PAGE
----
Trying to hypermile

Discussion in 'Start Your Journey Here' started by Mad Hatter, May 13, 2008.

  1. Mad Hatter

    Mad Hatter Active Member

    I drive an 02 Jeep Grand Cherokee 4x4 automatic. I am trying to get more mileage out of it. I have read the beating epa estimates and reading as much as I can on here about hypermiling techniques. The jeep has computer that tracks average MPG, 2 trip counters, instant MPG, and outside temp. I pretty much keep an eye on either average or instant MPG.

    The daily commute consists of some congested interstate and city driving. I drop my kids off at school which accounts for city driving or my commute would be just about be all highway. Approximately 10 miles total one way.

    Getting on interstate is always backed up and congested. I pretty much try to keep moving in merge lane until out of road. I can usually slip in an opening as traffic is stop and go. Then its stop and go for about half mile before opening up with better flow with speeds around 55. About 5 miles then I get off interstate and hit 2 red lights before going up hill with stop sign every block. After dropping off children I have more stop signs and traffic lights. The lights are timed well so I only have to stop at one if at all. I then travel up and over a small bridge with nice downhill to a red light. Sometimes I can shift to neutral and FAS just before going up and over the bridge down to red light. Other times I just shift to neutral and glide. The rest of the way is several stop lights. At least one is a light at bottom of hill and I can FAS glide to a stop.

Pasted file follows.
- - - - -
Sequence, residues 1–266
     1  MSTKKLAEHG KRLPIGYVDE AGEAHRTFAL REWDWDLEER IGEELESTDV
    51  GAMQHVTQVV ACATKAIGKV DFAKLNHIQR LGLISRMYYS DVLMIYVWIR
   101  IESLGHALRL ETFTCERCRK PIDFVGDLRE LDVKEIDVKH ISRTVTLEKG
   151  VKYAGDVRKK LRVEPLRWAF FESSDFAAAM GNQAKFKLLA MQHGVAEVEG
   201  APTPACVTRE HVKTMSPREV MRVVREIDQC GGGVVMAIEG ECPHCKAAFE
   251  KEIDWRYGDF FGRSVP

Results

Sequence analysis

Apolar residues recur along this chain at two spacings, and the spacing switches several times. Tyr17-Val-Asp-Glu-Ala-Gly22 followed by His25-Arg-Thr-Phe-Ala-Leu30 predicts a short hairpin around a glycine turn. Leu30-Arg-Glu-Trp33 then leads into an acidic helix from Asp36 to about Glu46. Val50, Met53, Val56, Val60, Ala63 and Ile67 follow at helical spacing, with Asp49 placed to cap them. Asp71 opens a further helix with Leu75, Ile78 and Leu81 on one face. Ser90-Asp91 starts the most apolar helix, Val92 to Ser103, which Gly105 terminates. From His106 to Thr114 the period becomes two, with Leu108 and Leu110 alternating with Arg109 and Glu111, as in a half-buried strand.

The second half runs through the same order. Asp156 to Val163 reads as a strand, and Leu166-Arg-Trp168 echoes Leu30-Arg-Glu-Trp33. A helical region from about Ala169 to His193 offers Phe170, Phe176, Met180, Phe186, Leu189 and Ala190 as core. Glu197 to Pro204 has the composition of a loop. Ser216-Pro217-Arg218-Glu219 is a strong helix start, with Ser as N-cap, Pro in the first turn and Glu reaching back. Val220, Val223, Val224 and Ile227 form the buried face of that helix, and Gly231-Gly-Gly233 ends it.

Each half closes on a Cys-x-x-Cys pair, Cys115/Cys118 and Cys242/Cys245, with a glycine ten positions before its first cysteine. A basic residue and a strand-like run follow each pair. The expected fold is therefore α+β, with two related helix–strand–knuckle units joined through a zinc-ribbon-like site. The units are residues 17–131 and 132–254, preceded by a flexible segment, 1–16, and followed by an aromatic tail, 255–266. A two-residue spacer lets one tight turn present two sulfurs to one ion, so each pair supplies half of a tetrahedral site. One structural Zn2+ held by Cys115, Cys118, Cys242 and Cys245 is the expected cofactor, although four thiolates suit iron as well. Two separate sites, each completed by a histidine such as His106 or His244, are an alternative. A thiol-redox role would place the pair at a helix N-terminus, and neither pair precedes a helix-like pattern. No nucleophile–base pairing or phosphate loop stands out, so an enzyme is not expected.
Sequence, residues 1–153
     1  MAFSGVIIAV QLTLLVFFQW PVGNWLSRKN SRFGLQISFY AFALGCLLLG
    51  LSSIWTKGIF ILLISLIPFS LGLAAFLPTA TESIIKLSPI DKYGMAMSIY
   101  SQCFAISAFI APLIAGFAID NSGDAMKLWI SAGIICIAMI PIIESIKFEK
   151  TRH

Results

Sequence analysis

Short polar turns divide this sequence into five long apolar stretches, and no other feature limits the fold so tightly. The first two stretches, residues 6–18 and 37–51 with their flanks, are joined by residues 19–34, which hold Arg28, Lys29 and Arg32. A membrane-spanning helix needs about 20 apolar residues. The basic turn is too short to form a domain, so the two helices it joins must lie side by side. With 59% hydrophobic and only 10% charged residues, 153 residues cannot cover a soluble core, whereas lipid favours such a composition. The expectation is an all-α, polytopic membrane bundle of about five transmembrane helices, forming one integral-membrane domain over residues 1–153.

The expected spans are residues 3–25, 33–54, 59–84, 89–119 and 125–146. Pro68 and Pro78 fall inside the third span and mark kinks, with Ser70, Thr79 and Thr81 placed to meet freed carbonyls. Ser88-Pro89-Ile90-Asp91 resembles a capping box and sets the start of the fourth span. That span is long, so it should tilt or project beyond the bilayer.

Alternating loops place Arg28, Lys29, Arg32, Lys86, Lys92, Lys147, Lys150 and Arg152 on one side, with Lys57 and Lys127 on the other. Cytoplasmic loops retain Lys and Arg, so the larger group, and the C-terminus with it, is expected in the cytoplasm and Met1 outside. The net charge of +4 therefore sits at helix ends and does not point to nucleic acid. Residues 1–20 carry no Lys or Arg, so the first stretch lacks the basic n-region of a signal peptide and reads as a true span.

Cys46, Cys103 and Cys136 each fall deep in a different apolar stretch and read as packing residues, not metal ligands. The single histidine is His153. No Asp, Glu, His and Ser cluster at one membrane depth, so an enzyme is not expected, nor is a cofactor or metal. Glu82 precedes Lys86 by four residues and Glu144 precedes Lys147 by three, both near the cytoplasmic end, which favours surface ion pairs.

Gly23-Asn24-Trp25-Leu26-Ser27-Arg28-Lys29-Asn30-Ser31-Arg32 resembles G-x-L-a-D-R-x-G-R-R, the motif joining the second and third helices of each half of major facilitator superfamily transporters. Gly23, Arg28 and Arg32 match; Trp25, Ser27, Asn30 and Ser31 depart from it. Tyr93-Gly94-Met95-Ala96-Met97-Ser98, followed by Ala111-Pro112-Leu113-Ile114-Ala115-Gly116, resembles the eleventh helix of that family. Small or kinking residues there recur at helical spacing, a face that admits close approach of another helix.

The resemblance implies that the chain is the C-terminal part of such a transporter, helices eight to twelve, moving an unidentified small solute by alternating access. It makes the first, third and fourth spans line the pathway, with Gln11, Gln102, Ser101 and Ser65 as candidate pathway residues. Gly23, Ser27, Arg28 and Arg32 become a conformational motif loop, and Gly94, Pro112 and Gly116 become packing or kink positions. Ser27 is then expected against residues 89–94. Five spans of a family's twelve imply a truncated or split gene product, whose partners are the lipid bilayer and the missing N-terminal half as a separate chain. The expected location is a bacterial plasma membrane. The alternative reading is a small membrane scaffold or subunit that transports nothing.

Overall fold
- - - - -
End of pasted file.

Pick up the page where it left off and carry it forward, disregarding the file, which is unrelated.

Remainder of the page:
I'm just wondering if doing FAS is ok on engine and transmission? I'm figuring that its such a short time period that it shouldn't hurt if no oil is pumped to lubricated parts.

    I'm also wondering if doing NICE is putting more wear on transmission? I mostly do NICE when I know my speed will decrease below 30 mph. If I NICE at higher speeds the transmission hunts for the proper gear for that speed. So pulse and glide, NICE at highway speeds doesn't work for me. I can do pulse and glide without NICE but with these all terrain tires it doesn't seem to help. Speed drops immediately.

    What is a good acceleration for doing pulse and glide? Do you accelerate quickly, slowly, or in between to your max speed? I try to keep RPMs below 2000.

    I did pump up tires to 38 psi which is above max on sidewall of 35 psi. That seemed to give me about half a MPG on this last tank. I also had a recent oil change so that is good.

    Any other suggestions? I would ride my bike if I didn't have to shuttle my children to school. I am also looking for a new ride. Considering a new prius, HCH, or Vibe. Also considering a used car like a Civic or something. My mechanic brother-in-law says hybrids are not good but he doesn't work in the auto field any more and he says go with diesel. I think diesel costs too much and you either have to buy truck or compact car.
  2. theLimeyBrit

    theLimeyBrit Padawan

    Since you're driving an automatic, consult your owners manual about FAS. If you can flat tow the vehicle, you're good to go. If not, there's probably a line in there somewhere that says to avoid flat-towing for more than ~50 miles or at speeds higher than ~35mph.

    NICE-on gliding shouldn't hurt your transmission any, but I've never experienced my transmission trying to hunt for the proper gear, so I dunno 'bout that one.